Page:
HomeReviews4.5/5 ReviewSupraland: Six Inches Under Review

Supraland: Six Inches Under Review


It’s almost the season where we all feverishly look forward to some big announcements and get a glimpse of what’s to come for the gaming market over the next couple of years. I love the build up to a big release as much as the next person, but among the demanding, chaotic discourse that surrounds the industry these days, being taken by surprise makes for a refreshing change. In a good way, I must stress.

Enter Supraland: Six Inches Under. That’s right folks, sound the shadow drop klaxon, because without any warning, it’s here! 

When I got the heads up code had dropped, I was very excited because I reviewed the first Supraland game and absolutely loved it. It felt like a cross between It Takes Two, Grounded and Minecraft; crucially keeping things simple whilst still being incredibly enjoyable.

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Run for it in Supraland: Six Inches Under

Supraland: Six Inches Under takes us back to the sandbox kingdom, but before you can get comfortable the townspeople are plunged into danger due to the “Rakening”. That’s right, a young gardener is seemingly unaware of the chaos he is causing for our red and blue residents, plunging them into the deep dark abyss below.

A word of warning, before we get stuck in. My first challenge was getting past the title screen as I seemingly couldn’t click through the main menu. After reinstalling twice, I resigned myself to trawling the internet for answers until I hit upon a Reddit thread. It turns out that the menu screen has a cursor, which you need to drag from its hiding place in the corner of the screen. I did feel a little silly, but then I’m not one to shirk from my duty of stopping you falling into the same trap dear readers, just to save face.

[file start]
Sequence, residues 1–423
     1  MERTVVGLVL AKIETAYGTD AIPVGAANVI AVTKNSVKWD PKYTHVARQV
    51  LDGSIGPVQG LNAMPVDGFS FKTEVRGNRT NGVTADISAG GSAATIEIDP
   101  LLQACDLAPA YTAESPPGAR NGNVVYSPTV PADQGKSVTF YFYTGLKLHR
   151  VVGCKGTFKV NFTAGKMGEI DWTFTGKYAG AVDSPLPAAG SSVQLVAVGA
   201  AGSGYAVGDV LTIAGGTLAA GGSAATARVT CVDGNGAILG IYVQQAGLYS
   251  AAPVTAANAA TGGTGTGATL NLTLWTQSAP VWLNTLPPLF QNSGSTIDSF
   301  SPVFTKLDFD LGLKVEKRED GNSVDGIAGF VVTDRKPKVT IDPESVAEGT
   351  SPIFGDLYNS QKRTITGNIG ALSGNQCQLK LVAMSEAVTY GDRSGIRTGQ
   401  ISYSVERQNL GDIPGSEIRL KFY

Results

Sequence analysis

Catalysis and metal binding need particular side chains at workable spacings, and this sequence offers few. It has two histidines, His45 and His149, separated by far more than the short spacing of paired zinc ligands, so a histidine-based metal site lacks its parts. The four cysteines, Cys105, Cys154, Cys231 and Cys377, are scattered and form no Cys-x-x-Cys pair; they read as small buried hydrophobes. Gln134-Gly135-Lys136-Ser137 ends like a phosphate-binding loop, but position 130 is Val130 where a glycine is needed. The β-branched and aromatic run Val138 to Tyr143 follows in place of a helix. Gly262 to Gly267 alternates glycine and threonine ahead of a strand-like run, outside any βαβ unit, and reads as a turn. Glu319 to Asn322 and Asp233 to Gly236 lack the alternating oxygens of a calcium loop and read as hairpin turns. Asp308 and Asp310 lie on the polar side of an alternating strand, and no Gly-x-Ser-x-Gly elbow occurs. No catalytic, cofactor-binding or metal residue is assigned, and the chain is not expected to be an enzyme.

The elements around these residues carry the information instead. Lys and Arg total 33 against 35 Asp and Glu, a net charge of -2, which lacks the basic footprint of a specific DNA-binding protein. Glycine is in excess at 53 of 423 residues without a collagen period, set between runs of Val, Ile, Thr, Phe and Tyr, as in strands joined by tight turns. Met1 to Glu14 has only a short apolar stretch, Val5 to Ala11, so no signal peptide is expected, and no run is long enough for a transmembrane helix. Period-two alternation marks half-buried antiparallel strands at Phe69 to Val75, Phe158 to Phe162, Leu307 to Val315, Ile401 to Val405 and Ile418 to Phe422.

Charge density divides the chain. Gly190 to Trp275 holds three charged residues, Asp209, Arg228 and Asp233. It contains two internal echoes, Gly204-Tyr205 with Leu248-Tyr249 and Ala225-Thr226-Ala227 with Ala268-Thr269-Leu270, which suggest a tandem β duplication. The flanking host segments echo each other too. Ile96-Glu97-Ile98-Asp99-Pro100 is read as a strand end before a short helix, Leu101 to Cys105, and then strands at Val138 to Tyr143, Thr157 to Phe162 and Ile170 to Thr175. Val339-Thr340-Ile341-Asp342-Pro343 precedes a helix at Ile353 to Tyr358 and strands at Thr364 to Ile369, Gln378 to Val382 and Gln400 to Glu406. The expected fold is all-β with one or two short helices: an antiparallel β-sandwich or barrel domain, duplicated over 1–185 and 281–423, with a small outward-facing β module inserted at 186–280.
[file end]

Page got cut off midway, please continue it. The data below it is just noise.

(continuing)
In essence, Supraland: Six Inches Under works much in the same way as the first game. This time around you play as the heroic Blue Plumber, who sets off on a quest to help the townspeople return to the surface after the “Rakening”. You will meet numerous residents of the underworld as you visit their settlements, hunting for the abilities necessary to reach the top of Cagetown. 

This wealthy society (set in what looks to be a hamster cage) is the key to returning back to the overworld. The little community is set up over three levels, and in order to lower the ramp to ascend to the next one, you’ll need a variety of new abilities to do so. However, the greedy Baron is not prepared to make it easy for you.

Supraland: Six Inches Under is a puzzle infused platformer at heart, with a sprinkle of combat thrown in for good measure. Coins are dotted around the environment as well as hidden away, and collecting these is more important than simply earning extra lives or contributing to your high score. In fact, it’s crucial to grab as many as you can.

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Can you save the world?

This is demonstrated best in the opening area as a merchant has some new abilities on offer, for the right price. Progression without some of these is impossible, and although you don’t need to collect every single coin to afford what’s on offer, you’ll need most of them which encourages and properly rewards your exploration.